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Second-ever female President of world’s oldest Earth science society

Professor Lynne Frostick, Director of Hull Environment Research Institute (HERI) and the Environmental Technologies Centre for Industrial Collaboration (ECTIC) at the University of Hull has been elected as the second-ever female to head up the world's oldest society for Earth scientists.
Professor Frostick is only the second woman to be elected as President Designate of the Geological Society of London in its 200-year history. The organisation counts Charles Darwin amongst its luminaries and to have been elected as the Society's President is an incredible achievement for a woman in what is a very male-orientated discipline.
There has not been a female President since Professor Janet Watson held the position back in the 1980's. Watson also mentored Lynne during her time as a Junior Lecturer at the University of London.
Presidents are elected for a two-year term and Lynne is currently serving as President Designate shadowing the incumbent President and will serve as President proper from next year.
It is the latest in a long list of triumphs in the environmental specialist's illustrious career which has seen her nominated for the second successive year as a Woman of Achievement by the Nominating Council for the prestigious 2007 Women of the Year Awards.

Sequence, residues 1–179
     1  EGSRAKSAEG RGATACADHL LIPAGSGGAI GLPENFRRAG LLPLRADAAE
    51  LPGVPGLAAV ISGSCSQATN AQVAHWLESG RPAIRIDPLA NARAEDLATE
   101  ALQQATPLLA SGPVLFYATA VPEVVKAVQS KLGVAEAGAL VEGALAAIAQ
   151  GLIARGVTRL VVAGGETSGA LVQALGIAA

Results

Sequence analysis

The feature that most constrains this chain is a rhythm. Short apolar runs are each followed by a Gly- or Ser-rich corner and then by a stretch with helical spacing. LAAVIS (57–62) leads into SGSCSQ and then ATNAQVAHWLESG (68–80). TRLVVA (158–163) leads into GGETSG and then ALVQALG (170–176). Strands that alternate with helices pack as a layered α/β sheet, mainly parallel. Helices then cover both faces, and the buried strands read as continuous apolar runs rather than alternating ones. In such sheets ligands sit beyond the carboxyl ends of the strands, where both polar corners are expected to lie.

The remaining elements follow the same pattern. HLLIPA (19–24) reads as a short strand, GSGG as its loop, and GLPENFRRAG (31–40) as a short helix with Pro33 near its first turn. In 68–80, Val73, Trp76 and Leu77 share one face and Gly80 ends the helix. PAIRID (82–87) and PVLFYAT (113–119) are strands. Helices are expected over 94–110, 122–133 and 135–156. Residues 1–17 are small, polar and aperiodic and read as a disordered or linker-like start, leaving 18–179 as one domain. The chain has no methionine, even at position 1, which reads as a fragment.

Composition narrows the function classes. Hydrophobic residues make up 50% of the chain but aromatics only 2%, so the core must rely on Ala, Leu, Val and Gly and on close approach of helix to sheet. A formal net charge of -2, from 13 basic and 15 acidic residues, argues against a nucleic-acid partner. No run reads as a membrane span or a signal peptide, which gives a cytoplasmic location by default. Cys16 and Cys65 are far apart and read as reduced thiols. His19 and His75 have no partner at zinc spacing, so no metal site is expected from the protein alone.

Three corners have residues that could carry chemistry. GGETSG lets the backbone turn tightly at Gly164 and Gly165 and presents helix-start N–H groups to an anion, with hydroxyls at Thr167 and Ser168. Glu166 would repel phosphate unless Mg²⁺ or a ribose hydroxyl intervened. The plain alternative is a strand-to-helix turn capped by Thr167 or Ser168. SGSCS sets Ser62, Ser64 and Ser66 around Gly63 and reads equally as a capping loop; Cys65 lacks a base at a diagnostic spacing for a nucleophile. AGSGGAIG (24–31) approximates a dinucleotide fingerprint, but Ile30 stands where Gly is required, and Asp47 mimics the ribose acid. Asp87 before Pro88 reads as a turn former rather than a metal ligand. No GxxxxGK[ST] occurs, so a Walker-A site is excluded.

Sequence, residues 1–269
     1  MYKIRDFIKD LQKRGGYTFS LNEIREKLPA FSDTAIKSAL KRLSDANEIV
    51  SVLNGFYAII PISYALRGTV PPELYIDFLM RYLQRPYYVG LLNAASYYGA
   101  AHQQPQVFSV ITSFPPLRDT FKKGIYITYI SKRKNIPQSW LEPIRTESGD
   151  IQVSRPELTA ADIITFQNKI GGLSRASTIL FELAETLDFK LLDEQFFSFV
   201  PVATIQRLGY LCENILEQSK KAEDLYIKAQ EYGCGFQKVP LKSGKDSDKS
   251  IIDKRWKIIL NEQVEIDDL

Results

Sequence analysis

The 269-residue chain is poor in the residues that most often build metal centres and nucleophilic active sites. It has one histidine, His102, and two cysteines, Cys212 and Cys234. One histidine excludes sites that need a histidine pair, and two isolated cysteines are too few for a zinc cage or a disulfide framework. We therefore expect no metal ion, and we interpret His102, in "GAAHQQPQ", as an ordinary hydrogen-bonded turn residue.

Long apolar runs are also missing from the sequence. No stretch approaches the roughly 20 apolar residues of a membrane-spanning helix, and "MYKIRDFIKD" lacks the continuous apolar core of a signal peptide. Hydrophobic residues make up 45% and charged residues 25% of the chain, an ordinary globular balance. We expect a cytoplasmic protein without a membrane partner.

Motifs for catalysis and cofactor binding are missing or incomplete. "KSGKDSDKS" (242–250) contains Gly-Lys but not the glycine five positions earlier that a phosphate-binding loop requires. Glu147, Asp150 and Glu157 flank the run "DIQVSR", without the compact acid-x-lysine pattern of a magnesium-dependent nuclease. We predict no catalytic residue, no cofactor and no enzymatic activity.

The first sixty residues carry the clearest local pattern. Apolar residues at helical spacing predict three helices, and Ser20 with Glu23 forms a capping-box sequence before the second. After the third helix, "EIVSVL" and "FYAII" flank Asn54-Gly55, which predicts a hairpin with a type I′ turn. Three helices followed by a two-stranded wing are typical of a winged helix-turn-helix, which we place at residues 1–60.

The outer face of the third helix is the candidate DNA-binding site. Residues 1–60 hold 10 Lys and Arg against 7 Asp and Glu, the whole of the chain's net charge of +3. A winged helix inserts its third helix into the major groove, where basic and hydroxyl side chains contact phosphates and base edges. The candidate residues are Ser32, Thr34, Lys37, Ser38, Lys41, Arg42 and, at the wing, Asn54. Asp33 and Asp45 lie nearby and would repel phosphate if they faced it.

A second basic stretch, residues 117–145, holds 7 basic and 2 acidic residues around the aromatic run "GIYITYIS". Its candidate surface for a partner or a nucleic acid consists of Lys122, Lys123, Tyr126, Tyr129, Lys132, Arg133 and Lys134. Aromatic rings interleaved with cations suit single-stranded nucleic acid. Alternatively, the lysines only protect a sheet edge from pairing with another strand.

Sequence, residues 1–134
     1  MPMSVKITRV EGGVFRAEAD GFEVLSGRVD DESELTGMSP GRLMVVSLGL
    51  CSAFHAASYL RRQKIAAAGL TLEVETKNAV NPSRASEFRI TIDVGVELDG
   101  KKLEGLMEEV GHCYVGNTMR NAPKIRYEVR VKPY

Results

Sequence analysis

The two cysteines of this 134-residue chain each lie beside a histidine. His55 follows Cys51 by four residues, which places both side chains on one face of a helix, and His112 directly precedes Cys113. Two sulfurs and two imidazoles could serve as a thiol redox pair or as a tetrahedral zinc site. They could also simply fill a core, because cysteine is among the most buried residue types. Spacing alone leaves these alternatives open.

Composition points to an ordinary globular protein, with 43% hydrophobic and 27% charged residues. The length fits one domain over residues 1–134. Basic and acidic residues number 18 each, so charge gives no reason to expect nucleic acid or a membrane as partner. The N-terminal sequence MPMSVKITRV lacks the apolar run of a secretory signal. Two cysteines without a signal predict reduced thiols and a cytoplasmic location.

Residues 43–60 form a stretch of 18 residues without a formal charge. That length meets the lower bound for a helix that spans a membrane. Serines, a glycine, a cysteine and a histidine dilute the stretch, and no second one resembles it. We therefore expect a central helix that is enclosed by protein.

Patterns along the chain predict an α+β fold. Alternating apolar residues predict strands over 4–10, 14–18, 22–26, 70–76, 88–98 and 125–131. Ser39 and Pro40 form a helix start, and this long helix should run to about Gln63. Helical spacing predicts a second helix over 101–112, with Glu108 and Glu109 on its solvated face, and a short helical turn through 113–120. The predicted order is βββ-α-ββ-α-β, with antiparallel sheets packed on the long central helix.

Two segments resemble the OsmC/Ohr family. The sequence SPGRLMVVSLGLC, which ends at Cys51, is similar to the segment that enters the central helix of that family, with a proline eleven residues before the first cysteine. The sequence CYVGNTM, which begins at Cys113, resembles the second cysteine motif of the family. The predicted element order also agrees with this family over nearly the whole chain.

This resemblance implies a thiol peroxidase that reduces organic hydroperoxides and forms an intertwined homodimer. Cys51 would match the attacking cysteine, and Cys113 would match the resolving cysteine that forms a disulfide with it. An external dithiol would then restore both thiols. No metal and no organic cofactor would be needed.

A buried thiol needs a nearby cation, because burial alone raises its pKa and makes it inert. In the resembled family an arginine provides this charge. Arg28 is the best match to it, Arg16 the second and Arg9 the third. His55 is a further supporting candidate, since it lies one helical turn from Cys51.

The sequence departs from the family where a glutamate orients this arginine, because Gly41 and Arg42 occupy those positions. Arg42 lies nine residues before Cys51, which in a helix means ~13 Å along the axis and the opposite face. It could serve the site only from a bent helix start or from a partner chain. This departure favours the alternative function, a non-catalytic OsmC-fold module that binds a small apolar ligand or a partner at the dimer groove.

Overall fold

Lynne has over 37 years of experience in Sedimentology and Environmental Science research having produced over 100 papers and edited 4 books. As Director of HERI and ECTIC she is a major contributor to research into waste and recycling and is particularly interested in the interactions between sediments, flow and biological systems in rivers and estuaries. She is at the forefront of developments in the field of environmental hydraulics in the UK and is on the management board of a major pan-European infrastructure project called HYDRALAB.
Lynne is also a leading expert on physical modelling of aquatic systems and Chair of the Department of Trade and Industries Expert Group for Women in Science, Technology, Engineering and Mathematics.
Professor Frostick said, “This is a great honour, but also a challenge in to ensure the Society goes from strength to strength. It also makes me very happy to be following in Janet Watson's footsteps- I wish she were still alive to share it with me.”

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